032, Liz Forkin Bohannon, Sseko Designs | Fashion that Educates Young Women
Liz Forkin Bohannon grew up in the Midwest. She attended the University of Missouri and studied journalism. There, she began to develop a passion for supporting women and girls living in extreme poverty, especially those living in conflict and post-conflict zones. After graduation, she worked for a couple of months in a large communications firm. One day, while working in a cubicle, she made a decision that would change the course of her life. She purchased a one-way ticket to Uganda.
Once in Uganda, here’s what she found. There is a 9 month gap between high school and university. Because Uganda is a cash-based economy, it is expected that the student will go to their village, find meaningful employment, and save the money for college. Unfortunately, there are not always jobs to be found. This is especially true for young women. So, many women do not advance beyond high school.
After trying a few other ideas (even a chicken farm!), Liz remembered a pair of funky sandals she had cobbled together as a college student. Though, at the time she was not a fan of fashion, Liz tried an experiment. She started a company that made sandals in Uganda.
Until now, Uganda has not been known for footwear, so Liz had to invent everything from the ground up, literally. Her first factory was a patch of grass with foot-pumped sewing machines. She also had to build the market to buy the sandals.
Today, Sseko Designs is an ethical fashion brand that is based in east Africa making much more than sandals. They use fashion and design to provide economic and educational opportunities to women and girls.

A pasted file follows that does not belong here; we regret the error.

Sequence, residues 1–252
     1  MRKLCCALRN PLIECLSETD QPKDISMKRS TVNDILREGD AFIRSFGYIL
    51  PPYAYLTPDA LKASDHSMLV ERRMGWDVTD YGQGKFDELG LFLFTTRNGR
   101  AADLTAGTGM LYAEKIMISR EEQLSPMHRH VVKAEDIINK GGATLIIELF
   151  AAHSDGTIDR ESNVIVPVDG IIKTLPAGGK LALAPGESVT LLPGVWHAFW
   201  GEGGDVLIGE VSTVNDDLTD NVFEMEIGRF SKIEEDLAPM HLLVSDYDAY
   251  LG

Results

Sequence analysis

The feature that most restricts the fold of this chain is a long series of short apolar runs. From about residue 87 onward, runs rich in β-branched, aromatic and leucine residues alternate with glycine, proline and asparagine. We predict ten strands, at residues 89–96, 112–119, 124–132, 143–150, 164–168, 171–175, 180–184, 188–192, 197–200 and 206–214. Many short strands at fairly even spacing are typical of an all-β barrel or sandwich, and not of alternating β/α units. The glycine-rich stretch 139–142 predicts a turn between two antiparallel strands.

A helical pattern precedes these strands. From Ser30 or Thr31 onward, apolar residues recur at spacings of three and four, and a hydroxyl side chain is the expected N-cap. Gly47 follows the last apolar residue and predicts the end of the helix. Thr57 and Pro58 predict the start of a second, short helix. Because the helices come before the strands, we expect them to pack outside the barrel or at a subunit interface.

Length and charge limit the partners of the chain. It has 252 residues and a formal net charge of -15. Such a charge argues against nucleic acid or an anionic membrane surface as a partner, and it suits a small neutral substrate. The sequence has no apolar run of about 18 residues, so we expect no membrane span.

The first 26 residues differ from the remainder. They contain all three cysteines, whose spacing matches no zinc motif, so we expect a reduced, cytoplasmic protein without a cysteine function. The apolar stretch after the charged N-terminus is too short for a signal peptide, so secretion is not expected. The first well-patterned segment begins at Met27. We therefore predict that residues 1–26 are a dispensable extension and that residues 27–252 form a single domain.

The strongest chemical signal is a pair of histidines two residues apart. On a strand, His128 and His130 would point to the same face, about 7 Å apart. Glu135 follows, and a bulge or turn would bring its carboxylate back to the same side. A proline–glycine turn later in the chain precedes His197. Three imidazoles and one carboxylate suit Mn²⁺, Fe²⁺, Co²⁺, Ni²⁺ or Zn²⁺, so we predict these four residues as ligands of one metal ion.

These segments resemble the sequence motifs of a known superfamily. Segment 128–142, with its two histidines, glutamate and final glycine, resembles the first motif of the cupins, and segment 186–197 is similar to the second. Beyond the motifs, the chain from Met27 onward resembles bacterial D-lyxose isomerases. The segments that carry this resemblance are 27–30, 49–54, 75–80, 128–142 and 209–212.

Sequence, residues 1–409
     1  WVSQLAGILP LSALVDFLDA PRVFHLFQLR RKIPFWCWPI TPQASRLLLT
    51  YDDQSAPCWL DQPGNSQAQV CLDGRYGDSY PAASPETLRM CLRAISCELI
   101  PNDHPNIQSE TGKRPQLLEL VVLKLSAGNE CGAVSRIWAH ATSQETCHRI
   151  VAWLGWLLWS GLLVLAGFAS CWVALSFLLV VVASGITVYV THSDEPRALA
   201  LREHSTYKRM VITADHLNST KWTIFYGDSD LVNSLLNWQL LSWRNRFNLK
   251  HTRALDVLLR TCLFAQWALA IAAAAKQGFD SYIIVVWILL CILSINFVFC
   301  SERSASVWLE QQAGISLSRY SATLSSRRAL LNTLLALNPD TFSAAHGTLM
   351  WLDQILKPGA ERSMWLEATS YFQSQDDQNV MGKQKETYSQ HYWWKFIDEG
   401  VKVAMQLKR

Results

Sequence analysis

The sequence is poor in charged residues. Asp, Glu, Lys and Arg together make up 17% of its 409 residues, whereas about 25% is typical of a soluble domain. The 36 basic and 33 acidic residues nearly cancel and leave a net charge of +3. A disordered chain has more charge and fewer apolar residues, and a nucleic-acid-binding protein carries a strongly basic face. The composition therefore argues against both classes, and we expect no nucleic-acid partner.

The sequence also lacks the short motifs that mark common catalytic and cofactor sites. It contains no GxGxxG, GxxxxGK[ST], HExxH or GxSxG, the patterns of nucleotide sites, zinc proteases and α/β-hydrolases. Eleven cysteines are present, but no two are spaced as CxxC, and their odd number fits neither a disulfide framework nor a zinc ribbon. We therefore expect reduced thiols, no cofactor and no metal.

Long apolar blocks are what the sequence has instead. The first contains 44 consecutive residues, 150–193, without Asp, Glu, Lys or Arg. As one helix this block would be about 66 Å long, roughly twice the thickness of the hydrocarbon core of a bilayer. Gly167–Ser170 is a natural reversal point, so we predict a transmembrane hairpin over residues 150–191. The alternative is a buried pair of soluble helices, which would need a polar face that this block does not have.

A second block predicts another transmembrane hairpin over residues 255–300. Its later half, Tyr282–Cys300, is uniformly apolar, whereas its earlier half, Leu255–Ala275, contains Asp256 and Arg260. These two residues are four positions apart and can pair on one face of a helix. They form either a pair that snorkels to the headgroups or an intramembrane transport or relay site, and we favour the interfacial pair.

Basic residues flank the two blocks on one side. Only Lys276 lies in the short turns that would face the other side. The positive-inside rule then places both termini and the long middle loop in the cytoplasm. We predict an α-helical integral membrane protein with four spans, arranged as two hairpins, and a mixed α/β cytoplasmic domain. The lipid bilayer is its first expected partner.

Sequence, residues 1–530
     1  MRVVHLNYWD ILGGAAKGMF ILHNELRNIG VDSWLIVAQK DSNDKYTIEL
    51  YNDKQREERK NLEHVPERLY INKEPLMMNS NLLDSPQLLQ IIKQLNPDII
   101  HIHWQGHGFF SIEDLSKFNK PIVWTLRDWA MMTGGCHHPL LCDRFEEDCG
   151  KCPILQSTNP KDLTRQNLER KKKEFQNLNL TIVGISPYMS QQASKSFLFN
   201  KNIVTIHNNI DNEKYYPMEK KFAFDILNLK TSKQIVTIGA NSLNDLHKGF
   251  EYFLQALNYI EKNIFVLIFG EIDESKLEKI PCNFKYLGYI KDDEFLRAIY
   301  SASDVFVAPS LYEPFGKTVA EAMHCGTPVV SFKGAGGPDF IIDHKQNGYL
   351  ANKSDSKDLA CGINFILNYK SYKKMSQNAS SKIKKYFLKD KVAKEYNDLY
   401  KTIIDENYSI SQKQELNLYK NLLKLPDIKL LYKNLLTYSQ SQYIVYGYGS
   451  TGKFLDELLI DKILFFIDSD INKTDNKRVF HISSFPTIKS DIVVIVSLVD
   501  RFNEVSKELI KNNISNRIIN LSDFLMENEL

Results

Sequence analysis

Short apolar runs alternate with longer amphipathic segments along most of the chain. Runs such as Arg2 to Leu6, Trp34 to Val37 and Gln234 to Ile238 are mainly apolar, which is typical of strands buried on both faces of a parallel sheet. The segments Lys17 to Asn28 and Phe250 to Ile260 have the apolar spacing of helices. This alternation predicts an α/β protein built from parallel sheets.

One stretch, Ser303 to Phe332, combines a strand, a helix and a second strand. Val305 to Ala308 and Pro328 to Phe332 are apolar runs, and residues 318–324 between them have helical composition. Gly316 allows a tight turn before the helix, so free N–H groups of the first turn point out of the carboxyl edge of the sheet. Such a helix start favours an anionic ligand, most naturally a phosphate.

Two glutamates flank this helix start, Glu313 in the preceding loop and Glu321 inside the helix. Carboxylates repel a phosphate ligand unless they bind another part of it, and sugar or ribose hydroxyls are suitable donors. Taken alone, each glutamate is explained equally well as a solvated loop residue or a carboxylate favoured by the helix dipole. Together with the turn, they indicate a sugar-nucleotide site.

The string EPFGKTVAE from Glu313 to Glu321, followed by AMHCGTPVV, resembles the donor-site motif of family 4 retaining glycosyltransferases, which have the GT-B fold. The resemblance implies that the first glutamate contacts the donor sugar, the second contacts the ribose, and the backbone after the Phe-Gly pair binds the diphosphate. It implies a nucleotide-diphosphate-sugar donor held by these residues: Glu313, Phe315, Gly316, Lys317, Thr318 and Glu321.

Key quotes from the interview:
“I realized, growing up in middle class, Midwestern America, I didn’t have a ton of experience of working with women living in extreme poverty or in conflict zones. So I bought a one-way plane ticket to Uganda.”
“When I went to school, ‘social enterprise’ was not a thing.”
“I knew that I was a mission-driven kind of person and if I was going to give my life to something, it needed to be something that I could stand back and say that I am actively participating in building the world that I want to live in.”
“You can imagine, there were people in my life who did not think that was the most prudent decision.”
“My first thought, being a white, pretty well resourced American, in Africa for the first time, was, like, no-brainer! We’re going to start a charity.”
“One of the biggest benefits I had was, I didn’t go to Uganda to start anything. I went to Uganda to be a journalist.”
“When I was in college, I had no interest in fashion.”
“I thought that if you were into fashion, that very distinctly meant in my college brain that you were either shallow or materialistic and so I was not interested in you or what you cared about…which makes me a huge brat. Now my whole life is eating humble pie.”
“We recognized really quickly that I can sell a certain number of sandals based on the story..but if I really want Sseko to be scalable and sustainable, and more than a glorified charity that happens to have a product attached to it, that I had to start thinking about this as I would if there were no story attached.”
“I see way too many social entrepreneurs rely far too heavily on their impact, instead of their product and instead of their brand.”
“Last year, the president of Uganda showed up at our workshop.”
“Poverty is complex…and sometimes that does not translate into a great marketing message.”
“I’ve become increasingly aware of how toxic the concept of the silver bullet is.”
“We’re looking for 3,000 women who want to be the CEO of Sseko in their community.”
- Sseko Designs: http://ssekodesigns.com
- Sseko Fellow Program: http://ssekodesigns.com/sseko-fellows
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- Book: Blessed Unrest: How the Largest Social Movement in History Is Restoring Grace, Justice, and Beauty to the World: http://amzn.to/1JKCotf